Porcelain veneers or crowns for tetracycline stains?

I’ve seen two different cosmetic dentists about dealing with my tetracycline stains. They’ve recommended two very different solutions. The first dentist, who is well within my budget, wants to do porcelain crowns on the visible teeth. The other one, who goes several thousand dollars over my intended budget, wants to do porcelain veneers. Is there anything wrong with doing the crowns?


Dear Cassie,

porcelain veneer being held up by dental tool

Before we get into the cost difference, I’d like to talk about the different procedures. With dental crowns, you have to have a great deal of tooth structure removed. If those teeth don’t need that structure removed, you are weakening them unnecessarily.

Ask yourself why a dentist would choose to use a procedure which is unnecessarily aggressive. My guess is, it is the only procedure he’s comfortable with. Every dentist places dental crowns. That doesn’t mean they are skilled in cosmetic work.

With porcelain veneers, you only have to remove a minimum amount of tooth structure, about the thickness of a fingernail. You can always switch from veneers to crowns. But, once you have dental crowns, you will always have to have dental crowns.

Choose the Dentist Carefully

Tetracycline stains are among the most challenging cosmetic cases there are. Whatever is used needs to be opaque enough to cover the stains completely, but still be translucent enough to reflect light and look natural.

I would say only the top 1% of dentists in the country could do it beautifully. You need one of those dentists. I would recommend you look on the mynewsmile.com website. They screen every dentist who wants to be listed on their website.

No one can pay to be listed. They have to provide background on their cosmetic training as well as visual proof of their artistry.

One last thing, price doesn’t always give a good picture of the skill of the dentist. Some really bad dentists have high prices. Some really great dentists have average prices.

This blog is brought to you by New Orleans Cosmetic Dentist Dr. Duane Delaune.

does teeth whitening cause cavities?

I’ve been doing teeth whitening off and on for most of my adult life. I take a lot of pride in my appearance and having a bright smile is important to me. Nobody ever said that it could damage my smile. To be fair, I don’t get a lot of cavities, but my teeth are more sensitive these days and I hear that’s a warning sign. Since I started reading up on it, I’ve stopped using whitening toothpastes and do not plan to use the system I got from my dentist anymore, but I’m worried I’ve caused irreversible damage. If it has caused damage, is there anything I can do to reduce the risk?



Dear Thad,

custom-fitted teeth whitening trays

It sounds like you got a mix of inaccurate information and half-truths. Let’s break down what healthy teeth are like, how cavities form, and how teeth whitening products work.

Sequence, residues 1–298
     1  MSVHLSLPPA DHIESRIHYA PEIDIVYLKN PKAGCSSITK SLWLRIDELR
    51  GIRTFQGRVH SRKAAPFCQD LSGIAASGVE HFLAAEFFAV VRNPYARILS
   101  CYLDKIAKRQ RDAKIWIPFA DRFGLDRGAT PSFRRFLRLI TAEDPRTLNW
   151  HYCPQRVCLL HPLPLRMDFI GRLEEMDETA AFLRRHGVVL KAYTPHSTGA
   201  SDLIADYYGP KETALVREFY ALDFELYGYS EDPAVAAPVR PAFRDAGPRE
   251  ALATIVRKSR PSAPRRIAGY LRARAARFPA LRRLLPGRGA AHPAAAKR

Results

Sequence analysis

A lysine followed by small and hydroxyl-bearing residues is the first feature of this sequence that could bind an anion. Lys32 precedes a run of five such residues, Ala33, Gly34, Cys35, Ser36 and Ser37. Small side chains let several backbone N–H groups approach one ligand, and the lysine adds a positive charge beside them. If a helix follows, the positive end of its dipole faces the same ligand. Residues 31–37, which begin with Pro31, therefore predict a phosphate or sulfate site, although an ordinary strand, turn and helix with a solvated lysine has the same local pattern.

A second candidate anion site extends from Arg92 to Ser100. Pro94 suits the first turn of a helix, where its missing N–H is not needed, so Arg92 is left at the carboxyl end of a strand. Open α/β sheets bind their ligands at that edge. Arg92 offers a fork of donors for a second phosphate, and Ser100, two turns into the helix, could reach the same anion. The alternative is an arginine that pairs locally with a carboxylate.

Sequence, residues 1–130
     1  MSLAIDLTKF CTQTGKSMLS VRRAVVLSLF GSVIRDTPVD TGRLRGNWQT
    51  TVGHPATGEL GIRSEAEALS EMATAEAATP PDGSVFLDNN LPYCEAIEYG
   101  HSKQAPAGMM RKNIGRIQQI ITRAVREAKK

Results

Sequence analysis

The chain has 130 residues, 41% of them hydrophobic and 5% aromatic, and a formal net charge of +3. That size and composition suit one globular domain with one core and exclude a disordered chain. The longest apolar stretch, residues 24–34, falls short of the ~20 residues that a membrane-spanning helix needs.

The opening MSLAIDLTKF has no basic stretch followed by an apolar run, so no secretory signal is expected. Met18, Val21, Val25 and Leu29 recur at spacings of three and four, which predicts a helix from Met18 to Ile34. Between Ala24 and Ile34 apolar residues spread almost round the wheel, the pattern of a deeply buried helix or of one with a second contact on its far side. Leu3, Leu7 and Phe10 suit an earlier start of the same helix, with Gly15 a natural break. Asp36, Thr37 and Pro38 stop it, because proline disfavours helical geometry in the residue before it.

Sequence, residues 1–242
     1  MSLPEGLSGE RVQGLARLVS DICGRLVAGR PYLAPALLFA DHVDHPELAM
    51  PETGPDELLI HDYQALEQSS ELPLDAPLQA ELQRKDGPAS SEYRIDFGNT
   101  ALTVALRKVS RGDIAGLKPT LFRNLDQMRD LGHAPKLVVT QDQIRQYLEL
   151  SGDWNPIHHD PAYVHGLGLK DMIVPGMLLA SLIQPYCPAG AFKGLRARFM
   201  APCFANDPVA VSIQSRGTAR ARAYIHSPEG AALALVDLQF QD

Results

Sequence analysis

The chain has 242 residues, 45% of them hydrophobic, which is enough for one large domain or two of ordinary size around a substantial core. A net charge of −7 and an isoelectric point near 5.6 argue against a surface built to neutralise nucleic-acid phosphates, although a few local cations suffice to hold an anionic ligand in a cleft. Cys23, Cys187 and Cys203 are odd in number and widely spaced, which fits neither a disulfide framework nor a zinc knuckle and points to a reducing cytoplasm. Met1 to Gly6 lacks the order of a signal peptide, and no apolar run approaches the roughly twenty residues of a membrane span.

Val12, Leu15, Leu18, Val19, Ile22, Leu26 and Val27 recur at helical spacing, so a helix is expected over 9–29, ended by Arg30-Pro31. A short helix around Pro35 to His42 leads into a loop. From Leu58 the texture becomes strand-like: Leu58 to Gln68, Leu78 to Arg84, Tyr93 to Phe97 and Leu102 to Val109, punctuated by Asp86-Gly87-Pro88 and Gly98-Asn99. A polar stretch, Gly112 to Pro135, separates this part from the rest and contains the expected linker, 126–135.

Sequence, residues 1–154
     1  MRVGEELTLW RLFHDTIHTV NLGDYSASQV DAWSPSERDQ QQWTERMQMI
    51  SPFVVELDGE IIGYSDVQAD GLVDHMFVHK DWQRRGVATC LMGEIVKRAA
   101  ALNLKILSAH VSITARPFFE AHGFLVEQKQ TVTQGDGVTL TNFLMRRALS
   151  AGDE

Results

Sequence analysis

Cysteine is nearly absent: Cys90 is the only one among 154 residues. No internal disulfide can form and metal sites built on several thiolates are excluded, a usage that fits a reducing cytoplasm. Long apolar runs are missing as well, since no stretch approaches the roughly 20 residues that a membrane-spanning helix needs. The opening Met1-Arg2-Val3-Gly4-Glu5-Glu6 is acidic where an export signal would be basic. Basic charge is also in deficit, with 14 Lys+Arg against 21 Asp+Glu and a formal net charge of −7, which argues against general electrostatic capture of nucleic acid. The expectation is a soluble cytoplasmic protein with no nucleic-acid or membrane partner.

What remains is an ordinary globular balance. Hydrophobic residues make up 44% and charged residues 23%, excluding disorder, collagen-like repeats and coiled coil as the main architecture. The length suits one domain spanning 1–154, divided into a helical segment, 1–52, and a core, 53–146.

Your Enamel is Strong and Packed with Minerals

Your enamel is the hardest substance in your body and it protects the under layers of your teeth. However, the enamel shouldn’t be thought of as unchangeable or impermeable. For example, people who brush really hard or grind their teeth can wear it down over time. Plus, acid can cause the minerals to seep out of your teeth which leaves them susceptible to decay. And, believe it or not, your teeth are actually porous as well. Your tubuals, which provide a pathway from the outside of your tooth to the inside, are typically closed shut though.

Under Optimal Circumstances, Your Teeth Will Remineralize

Bacteria and the things you put in your mouth, including food and dental products, can change your oral pH, and once you have an acidic mouth, teeth demineralize. The opposite is true as well. If you can restore pH and have healthy minerals in your saliva, your teeth will pick them up. This in mind, if you constantly create an acidic environment and never give your teeth a chance to remineralize, you will have weak spots in the enamel and decay can set in. This is why fluoride is such a huge thing. It can strengthen teeth even if they aren’t given the ideal remineralization environment.

Teeth Whitening Products are NOT Inherently Dangerous

Products designed to whiten your smile are not the enemy, but they do come with some side-effects, depending on what you’re using.

Acidic Products: Generally speaking, teeth whitening products are acidic, but not all are. That’s a worry if you constantly use one that is lower than a 7.0 pH and never get your mouth back to the neutral state or aren’t using fluoride to help remineralize. Chances are, however, you’re using a fluoride toothpaste. Unless you’ve actively looked for one that isn’t, it’s standard practice to include it. You may also struggle with this more if you aren’t a great brusher or delight in acidic or sugary foods, such as coffee, sports drinks, citrus fruits, and sodas. (The bacteria which causes decay noshes on carbohydrates and releases acids as a byproduct, which is why sugars contribute too.)